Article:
Defending the virtues of liberty, free markets, and civilization... plus some commentary on the passing scene.

Freedom's Fidelity

Tuesday, April 13, 2004

Quick, Informal Commentary on the Economy

Just some not particularly bold predictions and thoughts that I wanted to get down, if I'm right, you can be sure I'll revisit this in a few months. So, right now we are hearing a lot about gas prices. National averages are at "record highs," but that's only true in nominal terms. Adjusted for inflation and purchasing power, a 1981 gallon of gas would cost you $2.83 in 2004. But there's less sensationalism when you put it that way. I live about 2 miles out of the Loop, the gas station on the corner is $2.09. The national average is $1.77. Lots of that price is taxes lots of that is environmental regulation, but those costs are pretty well fixed, and thus don't play a facotr in recent increase. Still, I've been hearing plenty of speculation that once the increased summer demand comes we're going to see $3.00 a gallon at the pump. Come to think of it I heard that last year and the year before that. My prediction is that prices may still rise a bit but will fall and level off again to close to what they were last summer.

Here's why: high prices create more incentive to cheat, some members of OPEC will increase production and sell a little more oil for a little less than market value. Companies will also increase production in response to the high price, this includes domestic companies, and those in Canada, our largest foreign supplier. My prediction is that summer gas prices will probably be about what they were last year. (*ahem* ceteris paribus- assuming the situation in the Middle East stays roughly similar to what it is today)

Gas prices in this election, are not much more than transient noise to be sure, but the economy is always a big one, usually the one in fact. This election though, it's riding shotgun. For the record, I think that Bush's tax cuts probably did soften the blow of the recession to some extent, but I subscribe to the belief that the president has very little influence on the health of the economy, especially in the short term. Nevertheless the economy matters politically, politicians can make or break careers on their ability to pass blame when its down, and court credit when its up. The electorate generally gobbles this up, partisanship explains much of this, but it just might be that economic ignorance of the function of markets explains more. Whatever the reason, it matter. A lot.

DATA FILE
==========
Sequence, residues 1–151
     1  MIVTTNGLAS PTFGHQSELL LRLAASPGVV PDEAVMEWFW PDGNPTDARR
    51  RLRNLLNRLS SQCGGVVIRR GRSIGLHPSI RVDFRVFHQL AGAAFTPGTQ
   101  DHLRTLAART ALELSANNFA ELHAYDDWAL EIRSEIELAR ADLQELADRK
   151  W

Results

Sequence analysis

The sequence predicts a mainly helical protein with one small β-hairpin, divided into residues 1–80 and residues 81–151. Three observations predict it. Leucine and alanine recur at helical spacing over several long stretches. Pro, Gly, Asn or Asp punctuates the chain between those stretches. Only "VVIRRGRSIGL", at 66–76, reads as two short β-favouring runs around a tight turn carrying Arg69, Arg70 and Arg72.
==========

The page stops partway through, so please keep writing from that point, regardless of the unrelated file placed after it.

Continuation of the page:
For the last few months we've been hearing about the "jobless recovery" and that seems to be a longer term characteristic of this recovery. The last few quarters have shown all the signs of solid growth and the end of the recession, but the unemployment number hasn't been shrinking at the rate it was told. Sure, it had fallen to the mid-90's level of 5.6% but that's where it seemed stuck, and actually ticked up to 5.7% in recent weeks. Given the shock of the bursting of the tech bubble, the devastating attacks of 9/11, corporate scandal, and a war, I think our economy (which is just the aggregate of 'us') has shown to be remarkably resilient. Companies had to adjust, and one way they did was to reduce employees and increase their productivity.

Here's some anecdotal evidence: Over the last three years, the department I work in (finance related), has seen better than a 50% increase in business, and we've done this with one less employee. There were some important technological improvements in our workflow instituted that dramatically increased our productivity. We were just asked to work faster and longer if we needed. We all had good job security and even if some of us felt overworked, where were we going to go in this market? I suspect that was how many companies improved their bottom line, and are now a little reluctant to start hiring. Or were, up until last month when the economy added a staggering 308,000 jobs. The most in one month since April 2000.

Demand is finally starting to outpace productivity increases, and businesses believe that demand is here to stay, so they started hiring. All of the blame that democrats have heaped on him for the slumping economy have, once again, created the impression that the president can simply create jobs and wealth with the stroke of a pen. One month is far from a trend, but if one emerges, Bush will happily agree with the Democrats insinuation that he controls the economy and will take credit for the increasingly robust job market. If this happens we could see Bush by K.O. come November.


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